Then, setting aside the whole superpowers-based-on-an-eight-year-olds-understanding-of-chemistry shtick, the plots make increasingly less and less sense. In issue four of the original series, Sapphire wants to make Rex jealous because she wants to show him that she loves him for who he is regardless of his appearance. The next day she shows up with a new lover, Reggie, and the day after that, she's paired herself with Cha-Cha Chavez, the "Playboy of the Pampas", whom father Stagg immediately welcomes as his future son-in-law. Chavez then tries to show off by having planes fly overhead, dropping so many flowers on the grounds that they all decide to climb to the roof for safety after being buried literally up to their waists. Chavez then flies them all down to Mt. Rushmore to show that he's had Sapphire's likeness carved under Jefferson's. To which Metamorpho responds by carving "METAMORPHO SI! CH-CHA NO!" in its place. Then, once they arrive in Mexico (They were going to Mexico? Via South Dakota? By boat?) "Daddykins" and the caveman are captured by revolutionaries and are about to be executed before Metamorpho intervenes. He then learns Chavez is a gun runner for the dictator, El Lupo. Then there's a bull fight where the bull has one of his horns fitted with an explosive big enough to blow up the coliseum they're in. "They" includes Sapphire, Chavez and El Lupo himself. Metamorpho saves the day, gets his girl back, and the caveman randomly gets gouged by the now-one-horned bull.

I've read through that story several times now and can't make a lick of sense out of it. There are so many plot holes and inconsistencies, I am dumb-founded how any editor would've okayed this. I mean, granted that it was a comparitively low-selling book that no one cared about in the mid-1960s, but how about at least some semblence of a cohesive story?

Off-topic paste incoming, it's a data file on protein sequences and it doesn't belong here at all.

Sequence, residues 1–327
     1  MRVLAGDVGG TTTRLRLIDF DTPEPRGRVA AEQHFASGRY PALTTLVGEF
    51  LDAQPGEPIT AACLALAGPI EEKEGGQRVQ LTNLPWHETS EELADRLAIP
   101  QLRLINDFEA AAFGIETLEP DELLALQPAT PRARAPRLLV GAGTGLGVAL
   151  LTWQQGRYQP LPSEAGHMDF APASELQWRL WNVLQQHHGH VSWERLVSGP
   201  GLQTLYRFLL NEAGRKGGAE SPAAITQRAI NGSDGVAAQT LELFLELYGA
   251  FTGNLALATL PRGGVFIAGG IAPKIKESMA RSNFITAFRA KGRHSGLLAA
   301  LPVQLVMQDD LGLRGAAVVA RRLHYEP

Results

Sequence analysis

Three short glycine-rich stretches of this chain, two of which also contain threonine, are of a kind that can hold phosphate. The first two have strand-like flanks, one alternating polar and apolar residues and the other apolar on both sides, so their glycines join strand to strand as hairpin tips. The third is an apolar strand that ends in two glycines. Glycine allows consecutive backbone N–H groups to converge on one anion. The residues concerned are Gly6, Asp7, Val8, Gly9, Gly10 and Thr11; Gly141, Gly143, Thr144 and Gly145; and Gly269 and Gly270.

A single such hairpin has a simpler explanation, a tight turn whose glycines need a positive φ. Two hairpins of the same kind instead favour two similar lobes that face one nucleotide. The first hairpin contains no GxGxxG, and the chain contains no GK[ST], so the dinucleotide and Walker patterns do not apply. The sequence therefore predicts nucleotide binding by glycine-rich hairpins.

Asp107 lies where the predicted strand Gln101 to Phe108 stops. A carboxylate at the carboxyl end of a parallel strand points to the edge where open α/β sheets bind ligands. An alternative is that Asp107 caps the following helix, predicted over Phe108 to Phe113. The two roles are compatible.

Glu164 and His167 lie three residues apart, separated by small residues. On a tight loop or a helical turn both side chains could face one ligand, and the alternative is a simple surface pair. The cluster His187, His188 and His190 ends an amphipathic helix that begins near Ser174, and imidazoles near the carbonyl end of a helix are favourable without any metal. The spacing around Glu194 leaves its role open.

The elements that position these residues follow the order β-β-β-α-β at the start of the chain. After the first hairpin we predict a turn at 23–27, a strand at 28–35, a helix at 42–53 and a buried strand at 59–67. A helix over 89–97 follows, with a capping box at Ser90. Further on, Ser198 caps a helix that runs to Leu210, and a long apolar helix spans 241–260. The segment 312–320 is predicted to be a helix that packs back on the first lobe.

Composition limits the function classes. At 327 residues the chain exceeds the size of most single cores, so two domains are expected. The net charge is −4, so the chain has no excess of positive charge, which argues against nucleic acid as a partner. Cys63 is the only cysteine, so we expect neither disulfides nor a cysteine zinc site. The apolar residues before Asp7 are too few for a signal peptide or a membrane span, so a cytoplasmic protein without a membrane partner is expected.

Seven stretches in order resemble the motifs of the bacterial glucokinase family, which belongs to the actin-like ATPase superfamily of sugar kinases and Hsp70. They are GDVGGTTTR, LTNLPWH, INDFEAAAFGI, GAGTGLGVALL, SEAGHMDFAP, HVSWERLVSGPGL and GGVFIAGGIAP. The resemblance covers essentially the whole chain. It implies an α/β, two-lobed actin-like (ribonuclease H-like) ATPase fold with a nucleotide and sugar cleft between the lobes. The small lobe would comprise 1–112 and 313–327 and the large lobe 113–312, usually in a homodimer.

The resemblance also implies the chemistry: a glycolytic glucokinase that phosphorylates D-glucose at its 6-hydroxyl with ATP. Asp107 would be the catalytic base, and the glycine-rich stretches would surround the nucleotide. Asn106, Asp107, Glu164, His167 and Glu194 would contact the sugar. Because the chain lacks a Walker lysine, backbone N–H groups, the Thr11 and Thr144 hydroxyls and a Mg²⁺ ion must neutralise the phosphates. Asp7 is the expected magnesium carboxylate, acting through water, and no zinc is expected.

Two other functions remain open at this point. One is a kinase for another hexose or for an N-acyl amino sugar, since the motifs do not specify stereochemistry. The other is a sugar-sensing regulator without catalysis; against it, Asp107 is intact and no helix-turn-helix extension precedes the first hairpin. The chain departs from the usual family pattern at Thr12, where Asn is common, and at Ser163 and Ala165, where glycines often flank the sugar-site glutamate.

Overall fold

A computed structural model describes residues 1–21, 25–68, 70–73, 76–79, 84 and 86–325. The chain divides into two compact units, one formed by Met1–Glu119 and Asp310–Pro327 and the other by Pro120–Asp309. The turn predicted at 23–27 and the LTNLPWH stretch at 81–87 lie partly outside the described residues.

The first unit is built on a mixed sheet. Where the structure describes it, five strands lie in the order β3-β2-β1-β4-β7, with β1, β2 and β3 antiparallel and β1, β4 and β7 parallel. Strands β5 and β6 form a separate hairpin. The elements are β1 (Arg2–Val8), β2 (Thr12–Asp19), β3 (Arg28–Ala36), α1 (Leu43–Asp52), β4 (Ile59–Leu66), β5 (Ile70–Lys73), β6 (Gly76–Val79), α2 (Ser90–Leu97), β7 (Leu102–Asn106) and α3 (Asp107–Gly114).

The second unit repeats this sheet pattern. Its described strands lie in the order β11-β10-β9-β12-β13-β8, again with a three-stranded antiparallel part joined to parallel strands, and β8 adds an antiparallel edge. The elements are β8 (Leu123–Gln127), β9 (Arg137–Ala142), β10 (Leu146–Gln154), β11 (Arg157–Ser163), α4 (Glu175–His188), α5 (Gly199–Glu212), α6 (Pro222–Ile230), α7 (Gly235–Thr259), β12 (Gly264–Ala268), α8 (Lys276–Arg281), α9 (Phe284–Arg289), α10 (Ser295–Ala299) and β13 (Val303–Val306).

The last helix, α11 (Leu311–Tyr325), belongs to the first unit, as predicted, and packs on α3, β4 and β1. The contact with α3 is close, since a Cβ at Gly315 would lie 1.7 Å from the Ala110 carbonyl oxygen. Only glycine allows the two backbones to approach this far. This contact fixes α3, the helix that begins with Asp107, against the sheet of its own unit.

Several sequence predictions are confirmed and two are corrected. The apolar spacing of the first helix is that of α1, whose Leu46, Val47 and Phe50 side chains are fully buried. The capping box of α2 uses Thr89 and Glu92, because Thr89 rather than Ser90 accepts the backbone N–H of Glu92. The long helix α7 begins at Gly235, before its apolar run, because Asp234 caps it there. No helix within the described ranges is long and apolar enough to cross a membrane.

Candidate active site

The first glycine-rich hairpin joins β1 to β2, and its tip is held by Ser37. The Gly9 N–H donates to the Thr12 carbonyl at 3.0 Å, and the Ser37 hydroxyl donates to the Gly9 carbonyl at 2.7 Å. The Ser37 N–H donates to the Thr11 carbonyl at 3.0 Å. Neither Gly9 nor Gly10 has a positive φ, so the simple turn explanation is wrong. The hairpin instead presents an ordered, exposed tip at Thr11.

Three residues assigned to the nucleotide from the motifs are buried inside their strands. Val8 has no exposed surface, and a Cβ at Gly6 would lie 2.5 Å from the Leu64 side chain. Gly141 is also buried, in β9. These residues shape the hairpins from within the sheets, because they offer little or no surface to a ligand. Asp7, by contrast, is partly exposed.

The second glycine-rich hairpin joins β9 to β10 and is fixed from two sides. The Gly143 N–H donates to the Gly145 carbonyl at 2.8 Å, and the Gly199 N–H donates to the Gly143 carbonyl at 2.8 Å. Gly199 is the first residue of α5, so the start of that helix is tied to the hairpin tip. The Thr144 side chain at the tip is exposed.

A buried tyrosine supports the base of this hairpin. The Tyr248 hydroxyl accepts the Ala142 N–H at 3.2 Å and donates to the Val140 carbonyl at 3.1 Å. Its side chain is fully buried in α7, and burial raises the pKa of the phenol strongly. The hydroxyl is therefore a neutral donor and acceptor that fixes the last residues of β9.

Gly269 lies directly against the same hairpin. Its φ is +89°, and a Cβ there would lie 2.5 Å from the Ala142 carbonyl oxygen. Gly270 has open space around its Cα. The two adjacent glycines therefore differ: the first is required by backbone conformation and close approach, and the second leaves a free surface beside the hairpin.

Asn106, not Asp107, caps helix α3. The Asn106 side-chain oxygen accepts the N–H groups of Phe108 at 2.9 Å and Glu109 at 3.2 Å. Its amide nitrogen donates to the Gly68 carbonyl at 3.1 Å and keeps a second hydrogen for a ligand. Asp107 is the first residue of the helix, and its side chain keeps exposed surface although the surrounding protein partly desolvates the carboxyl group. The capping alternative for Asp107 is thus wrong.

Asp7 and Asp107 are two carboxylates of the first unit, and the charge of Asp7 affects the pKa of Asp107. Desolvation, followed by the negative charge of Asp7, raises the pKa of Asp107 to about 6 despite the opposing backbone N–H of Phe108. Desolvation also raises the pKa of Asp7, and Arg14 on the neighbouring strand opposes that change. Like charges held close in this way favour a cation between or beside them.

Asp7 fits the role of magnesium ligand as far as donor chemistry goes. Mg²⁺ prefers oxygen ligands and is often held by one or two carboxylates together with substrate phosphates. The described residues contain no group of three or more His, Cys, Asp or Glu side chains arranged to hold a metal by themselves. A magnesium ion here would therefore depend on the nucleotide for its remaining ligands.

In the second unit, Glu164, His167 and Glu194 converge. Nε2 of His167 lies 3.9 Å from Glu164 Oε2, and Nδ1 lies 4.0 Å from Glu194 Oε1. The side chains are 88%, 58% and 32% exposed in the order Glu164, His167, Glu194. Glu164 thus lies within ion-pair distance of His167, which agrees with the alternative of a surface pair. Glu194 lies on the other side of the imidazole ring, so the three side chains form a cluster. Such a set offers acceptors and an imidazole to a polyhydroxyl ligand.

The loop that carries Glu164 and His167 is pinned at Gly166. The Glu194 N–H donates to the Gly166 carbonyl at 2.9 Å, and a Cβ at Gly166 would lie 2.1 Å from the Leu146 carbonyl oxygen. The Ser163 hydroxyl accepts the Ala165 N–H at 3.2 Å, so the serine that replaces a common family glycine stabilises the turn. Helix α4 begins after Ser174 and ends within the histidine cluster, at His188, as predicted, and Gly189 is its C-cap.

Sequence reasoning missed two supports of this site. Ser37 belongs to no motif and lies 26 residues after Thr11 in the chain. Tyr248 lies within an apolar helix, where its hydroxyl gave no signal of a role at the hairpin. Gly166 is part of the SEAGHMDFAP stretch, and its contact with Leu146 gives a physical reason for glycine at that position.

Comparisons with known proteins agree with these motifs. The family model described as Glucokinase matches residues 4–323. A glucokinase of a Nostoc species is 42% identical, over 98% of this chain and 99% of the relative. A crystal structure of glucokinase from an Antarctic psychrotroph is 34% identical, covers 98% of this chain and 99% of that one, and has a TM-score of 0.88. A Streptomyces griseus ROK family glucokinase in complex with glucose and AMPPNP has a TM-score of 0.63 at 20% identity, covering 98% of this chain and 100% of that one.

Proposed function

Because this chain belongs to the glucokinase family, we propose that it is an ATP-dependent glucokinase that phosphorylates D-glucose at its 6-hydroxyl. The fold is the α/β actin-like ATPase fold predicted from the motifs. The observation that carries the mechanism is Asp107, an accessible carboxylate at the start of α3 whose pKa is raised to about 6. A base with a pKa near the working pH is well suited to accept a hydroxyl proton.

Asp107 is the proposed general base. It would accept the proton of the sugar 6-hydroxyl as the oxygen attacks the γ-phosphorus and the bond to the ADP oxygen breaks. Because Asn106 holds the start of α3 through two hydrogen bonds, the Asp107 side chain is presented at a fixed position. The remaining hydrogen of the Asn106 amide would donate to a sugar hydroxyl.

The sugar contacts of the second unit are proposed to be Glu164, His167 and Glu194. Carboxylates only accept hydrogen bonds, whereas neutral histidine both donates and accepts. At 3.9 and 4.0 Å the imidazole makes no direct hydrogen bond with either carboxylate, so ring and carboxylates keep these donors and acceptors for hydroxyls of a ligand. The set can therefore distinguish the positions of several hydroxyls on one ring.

What's weird is that no of this comes off as bad writing. It's clearly not good writing, but even with the stitled dialogue and mind-bendingly bizarre plot contrivances, it doesn't seem really bad. Just confused. Like Haney was a really good writer, but just happened to be on an LSD trip when he wrote this. Seriously, the stuff in here makes Plastic Man's most bizarre adventures seem logical and straight-forward. And I haven't even gotten to his Bat-Hulk story yet!

You want weird-ass comics? You dig up some Bob Haney written pieces!

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Matt K said...


You do wonder about stuff like this when you discover it. I remember a couple of years ago now, I finally tracked down an early, early issue of Marvel Team-Up… it was part of a multi-issue story with Kang that for years had intrigued me more and more just because it was so elusive. Two or three different "life of Kang" recaps referenced the story, and nearly every other story in these summaries has been reprinted at least once.

Whereas this might be in a MTU Essential, I suppose, but its exclusion from the big "Time and Time Again" grab-bag as well as every other Kang TPB puzzled me.

So finally, I found a relatively good deal for one part of the story in adequate condition, and bought it. And learned why no one had ever bothered reprinting it, other than maybe as part of a black-and-white bulk volume.

It… doesn't really make much sense. I would say this might shade more into the "so random it's pretty much just bad" than what you've described with Metamorpho. But something of the same head-scratching quality is there. Who approved this? Who came up with it in the first place? Presumably not everyone involved was on hallucinogenics, but it seems tough to think of a better explanation for the original script at least. Even if you're totally phoning it in, would the results really involve so much completely random stuff? Wouldn't you just steal some other, relatively straightforward, plot?

Honestly, I can understand when movies turn out like this. So many people involved, so many moving parts, so much potential editing of something rather more difficult to quickly take in as a whole picture. But a 22-page comic book written by one person?

You really do wonder…